Writing this letter is the most incredible and overwhelming feeling I’ve had throughout this journey. I’ve been in the clouds — rejoicing in everything my brothers and I have been able to accomplish for ourselves and our families — and yet, none of it has felt as real as it does at this very moment. The weight of this honor, to pour my heart out on paper, and take on the impossible task of writing six years worth of gratitude and appreciation into one letter, has brought me back down to earth in the realest way possible. Countless late-night conversations with our brother Harry ultimately led to me finally putting my thoughts on paper — and I know his thoughts and emotions are interwoven with mine as I write this letter. My brother’s help in this process highlights the whole purpose of this letter: the fact is, and always has been, that nothing in these past couple years would have been possible without all of you, my brothers. And as I write this letter, the only pressure I feel is the pressure I’ve always felt and cherished the most since we started this journey together: to make you all proud as your brother and friend.
Six years ago, I left home to embark on this journey of higher education — a road filled with limitless possibilities and an unforeseeable future, steered only by the hopes and dreams my peers and I have clung to. A journey paved by generations of disenfranchised families — the great-grandchildren of former slaves, the daughters and sons of documented and undocumented immigrants, sharecroppers and laborers — in search of tomorrow’s promise that one day their struggles will find restitution in the lives of their loved ones.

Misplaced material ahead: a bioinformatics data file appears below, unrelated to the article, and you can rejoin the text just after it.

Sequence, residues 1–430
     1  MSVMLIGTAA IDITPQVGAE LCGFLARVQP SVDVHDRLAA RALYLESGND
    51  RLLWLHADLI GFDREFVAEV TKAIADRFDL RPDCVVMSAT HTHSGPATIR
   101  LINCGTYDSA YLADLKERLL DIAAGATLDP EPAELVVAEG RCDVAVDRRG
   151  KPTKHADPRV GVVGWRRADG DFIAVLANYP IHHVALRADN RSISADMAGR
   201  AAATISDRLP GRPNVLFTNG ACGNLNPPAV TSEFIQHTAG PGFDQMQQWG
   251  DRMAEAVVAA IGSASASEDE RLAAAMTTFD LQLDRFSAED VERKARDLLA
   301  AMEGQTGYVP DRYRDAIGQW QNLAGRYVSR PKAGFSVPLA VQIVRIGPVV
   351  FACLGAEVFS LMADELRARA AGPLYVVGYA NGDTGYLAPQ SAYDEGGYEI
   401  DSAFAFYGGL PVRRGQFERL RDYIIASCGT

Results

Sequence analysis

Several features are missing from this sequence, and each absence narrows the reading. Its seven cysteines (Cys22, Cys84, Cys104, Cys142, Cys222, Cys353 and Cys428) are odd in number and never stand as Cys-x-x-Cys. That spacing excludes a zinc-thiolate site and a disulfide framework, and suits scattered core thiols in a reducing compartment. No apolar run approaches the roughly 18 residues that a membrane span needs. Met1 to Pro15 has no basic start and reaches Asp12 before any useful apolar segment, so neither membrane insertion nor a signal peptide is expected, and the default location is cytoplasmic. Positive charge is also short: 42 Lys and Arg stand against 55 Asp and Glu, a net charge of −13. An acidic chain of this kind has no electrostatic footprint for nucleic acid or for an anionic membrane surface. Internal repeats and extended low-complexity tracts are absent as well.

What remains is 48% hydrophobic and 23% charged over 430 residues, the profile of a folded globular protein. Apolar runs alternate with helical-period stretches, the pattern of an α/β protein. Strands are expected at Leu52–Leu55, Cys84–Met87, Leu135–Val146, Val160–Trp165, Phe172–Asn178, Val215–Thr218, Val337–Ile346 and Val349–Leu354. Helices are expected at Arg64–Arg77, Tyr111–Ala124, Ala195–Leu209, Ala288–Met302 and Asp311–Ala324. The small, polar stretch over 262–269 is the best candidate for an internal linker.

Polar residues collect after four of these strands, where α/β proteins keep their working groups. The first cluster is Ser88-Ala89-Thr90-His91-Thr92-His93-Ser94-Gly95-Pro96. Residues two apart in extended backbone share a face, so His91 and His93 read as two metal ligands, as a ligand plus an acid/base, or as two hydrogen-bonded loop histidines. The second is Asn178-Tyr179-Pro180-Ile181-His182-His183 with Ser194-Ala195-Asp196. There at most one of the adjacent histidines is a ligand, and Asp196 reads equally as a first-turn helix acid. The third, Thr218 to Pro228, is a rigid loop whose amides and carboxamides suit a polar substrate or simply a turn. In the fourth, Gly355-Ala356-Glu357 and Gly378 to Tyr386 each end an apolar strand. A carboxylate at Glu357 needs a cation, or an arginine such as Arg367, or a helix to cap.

And yet, for me and many of my peers who’ve managed to overcome all the challenges and hardships in our lives leading up to this road, our journey through higher education was filled with institutional barriers and social forces expecting us to once again prove our worth for a seat at the table.
As if our experiences hadn’t overqualified us to begin with. As if our traumas and circumstances back home suddenly vanished the moment we stepped foot on campus. As if the only acceptable recourse is to be grateful this campus might grant us the opportunity to enlighten ourselves, when in fact our presence alone enlightens everyone in it.
Our journey through higher education is rarely captured by the popular, romanticized tale of the “American dream” or some rags to riches story. It’s a journey filled with self-doubt, alienation, and the excruciating experience of navigating an institution that was not designed for us — and is plagued by impertinent spaces that remind us of that. The unsettling reality is not just the fact that many of us don’t complete this journey — it’s that those of us who do often pay the price of nearly losing ourselves.
It was the process of exposing this unpopular narrative and sharing our unique yet painfully similar stories as brothers, that brought us together. It was the commitment my brothers made to empower themselves, support one another, and give back to those coming after us, that gave birth to Brothers At Bard — and helped me get through college.